1. Sealey-Ruiz, Y., Muhammad, G.E. & Dunmeyer, A.D. (forthcoming). Resistance and Longevity: Black Female Teachers and the Fight for Liberatory Education. In Theory into Practice themed issue: Black women’s work: Exploring pipelines, pedagogies and policies (Eds. A. Farinde, A., A. Allen-Handy, & V. Hill-Jackson).
2. Black Girls Literacies Collective (2018). In Dialogue: Collectivities. Research in the Teaching of English, 53 (2), 173-175.
3. Ohito, E.O., Watson, W., Lyiscott, J. & Sealey-Ruiz, Y. (2019). Postcript: Visions of Love in Urban Schooling, or A Love Letter from the Editors. The Urban Review, 51(1), pp. 146-148.
Features in Articles and Blogs
The field of education has been and will continue to be essential to the survival and sustainability of the Black community. Unfortunately, over the past five decades, two major trends have become clearly evident in the Black community: (a) the decline of the academic achievement levels of Black students and (b) the disappearance of Black teachers, particularly Black males. Today, of the 3.5 million teachers in America's classrooms (AACTE, 2010) only 8% are Black teachers, and approximately 2% of these teachers are Black males (NCES, 2010). Over the past few decades, the Black teaching force in the U.S. has dropped significantly (Lewis, 2006; Lewis, Bonner, Byrd & James, 2008; Milner & Howard, 2004), and this educational crisis shows so signs of ending in the near future. As the population of Black students in K-12 schools in the U.S. continue to rise - currently over 16% of students in America's schools are Black (NCES, 2010) - there is an urgent need to increase the presence of Black educators.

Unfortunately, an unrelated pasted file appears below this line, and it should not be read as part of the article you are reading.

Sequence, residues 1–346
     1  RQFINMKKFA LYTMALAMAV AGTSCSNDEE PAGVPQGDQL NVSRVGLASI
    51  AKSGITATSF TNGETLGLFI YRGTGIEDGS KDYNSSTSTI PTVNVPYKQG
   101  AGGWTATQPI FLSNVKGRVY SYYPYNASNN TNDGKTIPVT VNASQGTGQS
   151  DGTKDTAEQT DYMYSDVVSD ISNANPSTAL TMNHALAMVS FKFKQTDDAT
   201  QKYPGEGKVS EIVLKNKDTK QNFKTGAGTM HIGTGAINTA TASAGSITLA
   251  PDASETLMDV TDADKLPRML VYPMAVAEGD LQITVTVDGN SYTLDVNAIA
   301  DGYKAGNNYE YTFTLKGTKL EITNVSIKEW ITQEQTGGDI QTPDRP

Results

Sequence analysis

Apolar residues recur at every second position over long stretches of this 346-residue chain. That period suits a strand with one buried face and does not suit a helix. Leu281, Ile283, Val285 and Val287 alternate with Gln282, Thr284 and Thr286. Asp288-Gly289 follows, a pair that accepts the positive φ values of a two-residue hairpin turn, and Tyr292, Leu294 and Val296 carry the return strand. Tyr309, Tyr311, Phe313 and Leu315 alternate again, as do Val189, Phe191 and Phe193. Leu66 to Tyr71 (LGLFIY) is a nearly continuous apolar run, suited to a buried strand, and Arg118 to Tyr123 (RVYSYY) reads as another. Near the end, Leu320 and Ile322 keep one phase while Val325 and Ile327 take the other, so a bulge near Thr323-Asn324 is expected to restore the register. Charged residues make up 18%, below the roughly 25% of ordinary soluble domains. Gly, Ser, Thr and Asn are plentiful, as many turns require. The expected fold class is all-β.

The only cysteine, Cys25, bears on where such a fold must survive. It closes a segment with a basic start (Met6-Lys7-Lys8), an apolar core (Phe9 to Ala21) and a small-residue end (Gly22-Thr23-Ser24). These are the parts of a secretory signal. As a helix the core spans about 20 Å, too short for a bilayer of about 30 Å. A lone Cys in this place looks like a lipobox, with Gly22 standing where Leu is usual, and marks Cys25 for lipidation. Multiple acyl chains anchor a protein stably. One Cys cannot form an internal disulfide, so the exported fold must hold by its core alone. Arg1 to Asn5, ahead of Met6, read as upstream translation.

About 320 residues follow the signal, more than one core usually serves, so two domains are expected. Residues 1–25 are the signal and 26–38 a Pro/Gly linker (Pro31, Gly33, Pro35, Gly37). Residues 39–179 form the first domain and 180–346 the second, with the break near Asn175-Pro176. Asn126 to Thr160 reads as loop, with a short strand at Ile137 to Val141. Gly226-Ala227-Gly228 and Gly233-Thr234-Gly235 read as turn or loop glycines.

The overall purpose of this edited volume is to stimulate thought and discussion among diverse audiences (e.g., policymakers, practitioners, and educational researchers) who are concerned about the performance of Black students in our nation's schools, and to provide evidence-based strategies to expand our nation's pool of Black teachers. To this end, it is our hope that this book will contribute to the teacher education literature and will inform the teacher education policy and practice debate.
This book, a collection of memoirs written by Women of Color, is shared to inspire and motivate readers. The authors of these precious, soulful stories are from across the globe and represent various backgrounds and professions. What these women have in common though, is their drive to tell their story. Stories of pain, discovery, strength, and stories of beginnings. Many of the experiences, as difficult as they may have been, made the women who they are today. Telling these stories to a new generation will empower and encourage them in their experiences no matter how troubling or challenging (Harris, 2015). These stories, like our foremothers offering their Gumbo, present the best these women have to offer. These authors want the world to know that deep inside of each of us is a rich, vibrant, purposeful beginning. As our lives develop and we are "stirred and stirred again", like Gumbo, our experiences begin to shape who we are and who we become. When the stirring is complete, a comforting meal on that says no matter what has gone into the dish, it's going to be amazingly magnificient!
The authors hope these stories will inspire and motivate girls and Women of Color to trust their experiences whether good or bad to help them become. Our becoming means that after all that life has thrown our way, we are strong, purposeful, and powerful people who are a great treasure to a world that sometimes rejects and ignores our existence. Embedded in this book are stories of abuse and triumph, sadness and victory, disappointment and resilience, discovery and victory.